Former tobacco smokers find e-cigarettes less addictive than traditional cigarettes, new research finds.

Even though they “smoke” e-cigarettes as often as they did regular cigarettes, thousands of ex-smokers said they have fewer cravings and are less likely to feel impulsive and irritable over their need to smoke, researchers reported.

“The pattern was really very clear. The score was significantly less for e-cig use than for tobacco use,” said lead researcher Jonathan Foulds, a professor of public health sciences and psychiatry at Penn State College of Medicine. “E-cig users feel less addicted.”

For this study, published in Nicotine & Tobacco Research, the researchers used an online survey to assess more than 3,600 e-cig users’ previous dependence on cigarettes and their current dependence on e-cigarettes.

The ex-smokers, all of whom now use e-cigarettes, reported their smoking is about the same. They have about 24 sessions a day with e-cigarettes, and used to smoke about 24 cigarettes daily.

However, their dependence on e-cigarettes is much different:

They are more likely to wait longer for their first smoke of the day, 45 minutes on average compared to 27 minutes when they used cigarettes.

Two out of five would wake in the middle of the night to smoke a cigarette, but only about 7% continued to do so with e-cigarettes.

About one-third had strong cravings to use their e-cigarettes, compared with more than nine out of 10 when they smoked cigarettes.

About one-quarter reported being irritable or nervous when they can’t use e-cigarettes, versus more than 90%t who recalled feeling that way as cigarette smokers.

Possible Explanations

There are a couple of reasons why e-cigarettes might create less addiction to nicotine, Foulds said.

First, e-cigarettes typically are worse at delivering nicotine than tobacco cigarettes. “Blood nicotine levels get a much larger boost with smoking than with e-cigarettes,” he said.

How people use e-cigarettes also might help explain the difference.

Because people don’t have to light an e-cigarette, they are under less pressure to smoke in concentrated bouts, Foulds said.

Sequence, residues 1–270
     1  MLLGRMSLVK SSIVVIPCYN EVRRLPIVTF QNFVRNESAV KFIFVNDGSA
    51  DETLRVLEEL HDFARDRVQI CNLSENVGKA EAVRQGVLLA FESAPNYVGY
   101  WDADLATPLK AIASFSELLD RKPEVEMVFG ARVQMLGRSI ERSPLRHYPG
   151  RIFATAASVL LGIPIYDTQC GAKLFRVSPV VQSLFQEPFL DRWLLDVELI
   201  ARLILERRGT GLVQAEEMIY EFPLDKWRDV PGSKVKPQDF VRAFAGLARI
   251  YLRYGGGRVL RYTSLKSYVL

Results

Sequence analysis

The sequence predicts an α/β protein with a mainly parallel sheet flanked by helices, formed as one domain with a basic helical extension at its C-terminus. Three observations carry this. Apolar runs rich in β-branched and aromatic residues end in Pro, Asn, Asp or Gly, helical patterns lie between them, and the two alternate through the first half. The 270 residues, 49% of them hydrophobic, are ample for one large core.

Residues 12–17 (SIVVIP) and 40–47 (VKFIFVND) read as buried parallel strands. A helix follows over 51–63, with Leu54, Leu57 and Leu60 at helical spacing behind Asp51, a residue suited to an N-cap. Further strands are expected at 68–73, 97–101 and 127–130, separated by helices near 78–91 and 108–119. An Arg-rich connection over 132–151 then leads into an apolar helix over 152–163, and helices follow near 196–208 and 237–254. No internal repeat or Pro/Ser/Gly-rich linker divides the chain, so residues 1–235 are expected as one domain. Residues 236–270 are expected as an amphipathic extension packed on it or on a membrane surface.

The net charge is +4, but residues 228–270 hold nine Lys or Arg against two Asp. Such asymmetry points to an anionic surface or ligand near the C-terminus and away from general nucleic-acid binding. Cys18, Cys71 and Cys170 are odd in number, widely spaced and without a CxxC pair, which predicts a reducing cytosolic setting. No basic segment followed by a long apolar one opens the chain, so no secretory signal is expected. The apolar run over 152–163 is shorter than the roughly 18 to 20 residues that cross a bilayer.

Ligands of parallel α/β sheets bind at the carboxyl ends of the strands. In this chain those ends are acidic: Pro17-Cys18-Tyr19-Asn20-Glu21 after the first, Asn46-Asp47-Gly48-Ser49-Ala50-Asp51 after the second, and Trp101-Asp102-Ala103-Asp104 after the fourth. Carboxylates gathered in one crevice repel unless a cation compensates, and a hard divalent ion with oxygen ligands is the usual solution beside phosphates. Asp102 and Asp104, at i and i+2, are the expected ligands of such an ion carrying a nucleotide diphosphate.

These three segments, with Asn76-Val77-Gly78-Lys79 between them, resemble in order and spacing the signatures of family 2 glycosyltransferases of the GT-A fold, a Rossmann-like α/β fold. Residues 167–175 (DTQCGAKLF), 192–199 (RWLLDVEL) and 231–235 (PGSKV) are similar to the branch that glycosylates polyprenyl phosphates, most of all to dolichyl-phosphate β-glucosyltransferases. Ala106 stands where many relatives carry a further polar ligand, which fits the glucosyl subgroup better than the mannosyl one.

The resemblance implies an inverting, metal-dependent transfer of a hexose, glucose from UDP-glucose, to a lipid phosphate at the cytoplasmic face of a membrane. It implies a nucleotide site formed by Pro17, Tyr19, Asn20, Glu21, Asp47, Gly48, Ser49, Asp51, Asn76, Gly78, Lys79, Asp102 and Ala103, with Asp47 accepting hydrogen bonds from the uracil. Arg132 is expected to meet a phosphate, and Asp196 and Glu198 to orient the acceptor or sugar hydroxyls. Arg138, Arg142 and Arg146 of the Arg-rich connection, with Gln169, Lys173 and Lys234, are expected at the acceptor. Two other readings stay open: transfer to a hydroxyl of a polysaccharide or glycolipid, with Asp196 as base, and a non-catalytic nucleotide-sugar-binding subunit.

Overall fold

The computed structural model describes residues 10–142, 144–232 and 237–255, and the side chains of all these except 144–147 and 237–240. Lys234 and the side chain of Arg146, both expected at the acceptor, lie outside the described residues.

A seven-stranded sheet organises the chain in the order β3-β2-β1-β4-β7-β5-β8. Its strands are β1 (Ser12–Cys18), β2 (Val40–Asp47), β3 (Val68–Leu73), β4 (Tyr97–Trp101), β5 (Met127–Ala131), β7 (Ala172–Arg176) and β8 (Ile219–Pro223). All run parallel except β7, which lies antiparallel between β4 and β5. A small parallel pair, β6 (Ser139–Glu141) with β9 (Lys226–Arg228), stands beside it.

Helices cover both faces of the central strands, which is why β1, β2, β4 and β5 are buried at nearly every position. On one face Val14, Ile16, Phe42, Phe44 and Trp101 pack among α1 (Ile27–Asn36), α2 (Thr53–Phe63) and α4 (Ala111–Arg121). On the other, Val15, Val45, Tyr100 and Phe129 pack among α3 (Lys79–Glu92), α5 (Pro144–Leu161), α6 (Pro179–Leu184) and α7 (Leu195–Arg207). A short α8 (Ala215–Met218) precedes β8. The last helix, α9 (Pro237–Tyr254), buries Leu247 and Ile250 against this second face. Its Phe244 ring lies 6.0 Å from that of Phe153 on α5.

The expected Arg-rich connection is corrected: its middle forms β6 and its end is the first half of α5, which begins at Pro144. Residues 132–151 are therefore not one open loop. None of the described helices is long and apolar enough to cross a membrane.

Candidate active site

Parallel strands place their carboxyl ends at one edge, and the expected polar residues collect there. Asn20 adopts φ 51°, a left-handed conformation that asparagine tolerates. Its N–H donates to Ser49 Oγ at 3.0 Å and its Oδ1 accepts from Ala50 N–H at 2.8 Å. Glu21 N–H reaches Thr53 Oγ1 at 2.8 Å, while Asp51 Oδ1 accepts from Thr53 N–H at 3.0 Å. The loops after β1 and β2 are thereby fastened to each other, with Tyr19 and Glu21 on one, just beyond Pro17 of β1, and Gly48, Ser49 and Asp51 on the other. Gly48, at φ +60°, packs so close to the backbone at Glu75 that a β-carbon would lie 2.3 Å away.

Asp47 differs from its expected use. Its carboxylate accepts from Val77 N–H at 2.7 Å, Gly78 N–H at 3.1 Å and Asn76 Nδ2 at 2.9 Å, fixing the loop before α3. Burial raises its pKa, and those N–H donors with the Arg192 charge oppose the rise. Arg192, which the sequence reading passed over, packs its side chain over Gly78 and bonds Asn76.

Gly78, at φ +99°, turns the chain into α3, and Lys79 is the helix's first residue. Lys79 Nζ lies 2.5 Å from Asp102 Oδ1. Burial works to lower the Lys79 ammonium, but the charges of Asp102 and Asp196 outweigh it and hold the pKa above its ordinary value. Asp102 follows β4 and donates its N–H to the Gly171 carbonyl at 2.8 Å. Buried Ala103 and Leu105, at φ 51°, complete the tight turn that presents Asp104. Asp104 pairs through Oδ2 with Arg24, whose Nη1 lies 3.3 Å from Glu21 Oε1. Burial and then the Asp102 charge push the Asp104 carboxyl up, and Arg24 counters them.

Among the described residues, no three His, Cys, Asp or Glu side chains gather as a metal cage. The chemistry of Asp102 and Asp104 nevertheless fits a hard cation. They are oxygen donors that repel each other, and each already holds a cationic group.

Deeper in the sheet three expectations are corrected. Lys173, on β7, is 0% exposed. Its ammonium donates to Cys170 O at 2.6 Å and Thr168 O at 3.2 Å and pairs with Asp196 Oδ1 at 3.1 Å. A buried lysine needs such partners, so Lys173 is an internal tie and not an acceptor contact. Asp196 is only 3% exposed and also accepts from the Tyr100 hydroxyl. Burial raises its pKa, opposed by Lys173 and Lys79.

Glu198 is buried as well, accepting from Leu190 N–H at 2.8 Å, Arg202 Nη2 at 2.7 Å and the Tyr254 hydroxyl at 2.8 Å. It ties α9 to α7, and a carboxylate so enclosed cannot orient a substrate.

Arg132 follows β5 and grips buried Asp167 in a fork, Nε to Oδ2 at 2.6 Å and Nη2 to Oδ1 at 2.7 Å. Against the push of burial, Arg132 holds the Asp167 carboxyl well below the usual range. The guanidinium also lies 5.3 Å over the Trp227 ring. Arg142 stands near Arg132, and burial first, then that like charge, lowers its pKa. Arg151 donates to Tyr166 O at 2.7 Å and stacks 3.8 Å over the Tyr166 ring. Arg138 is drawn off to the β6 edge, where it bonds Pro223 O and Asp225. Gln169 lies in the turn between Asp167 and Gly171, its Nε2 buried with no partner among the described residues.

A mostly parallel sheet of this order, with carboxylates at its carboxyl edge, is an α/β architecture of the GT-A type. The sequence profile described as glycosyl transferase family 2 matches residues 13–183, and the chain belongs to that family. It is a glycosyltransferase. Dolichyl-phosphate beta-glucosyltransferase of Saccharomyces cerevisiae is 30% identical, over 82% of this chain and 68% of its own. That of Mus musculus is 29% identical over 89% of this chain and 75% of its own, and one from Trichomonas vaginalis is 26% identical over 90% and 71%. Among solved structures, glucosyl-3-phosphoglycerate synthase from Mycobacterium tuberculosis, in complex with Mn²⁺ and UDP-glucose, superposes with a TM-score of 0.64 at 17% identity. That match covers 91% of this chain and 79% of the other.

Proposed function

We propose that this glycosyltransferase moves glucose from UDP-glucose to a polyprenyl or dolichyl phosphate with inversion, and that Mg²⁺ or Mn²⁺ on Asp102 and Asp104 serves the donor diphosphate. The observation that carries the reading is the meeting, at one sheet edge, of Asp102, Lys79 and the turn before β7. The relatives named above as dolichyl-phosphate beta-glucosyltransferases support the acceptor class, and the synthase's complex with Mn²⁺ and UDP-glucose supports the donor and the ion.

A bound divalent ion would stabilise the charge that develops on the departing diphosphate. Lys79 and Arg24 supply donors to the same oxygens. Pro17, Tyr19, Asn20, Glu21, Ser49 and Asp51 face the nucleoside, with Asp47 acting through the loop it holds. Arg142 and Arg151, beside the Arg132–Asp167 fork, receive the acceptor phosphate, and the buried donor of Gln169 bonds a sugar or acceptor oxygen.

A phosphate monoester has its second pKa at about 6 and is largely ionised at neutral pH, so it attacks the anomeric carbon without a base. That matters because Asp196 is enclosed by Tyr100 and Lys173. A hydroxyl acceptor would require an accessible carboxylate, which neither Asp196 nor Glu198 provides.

“When you smoke cigarettes, you smoke it in one go. You go outside from your workplace and you take 10 puffs, you smoke it until it’s three-quarters done and then you throw it away,” he said. “With e-cigs, they take two or three puffs, and then wait 10 or 15 minutes and have another two or three puffs. It’s kind of like they’re grazing on it, rather than binging on it.”

Foes Weigh in

Health advocates said they found the study interesting, but remain reluctant to endorse e-cigarette use. The devices are not regulated by the U.S. Food and Drug Administration, although the agency has announced its intention to extend its tobacco authority to cover e-cigarettes.

Manufacturers of e-cigarettes are producing more powerful devices that deliver higher nicotine concentrations, said Erika Sward, assistant vice president of national advocacy for the American Lung Association.

Such innovations could increase the addictive powers of e-cigarettes, and concerns exist that e-cigarettes maintain nicotine dependence for people who might otherwise have quit smoking altogether, she said. Experts also worry that kids who use e-cigarettes might find them a “gateway drug” that leads to tobacco use.

The study authors noted that dependence might vary by liquid nicotine concentration, product characteristics and could increase with time.

Patricia Folan, director of the Center for Tobacco Control at the North Shore-LIJ Health System in Great Neck, N.Y. said, “there is some concern about comparing an individual’s past recollection of their addiction to traditional cigarettes with their current addiction to electronic devices.”

Web MD, HealthDay News

Leave a comment

Your email address will not be published. Required fields are marked *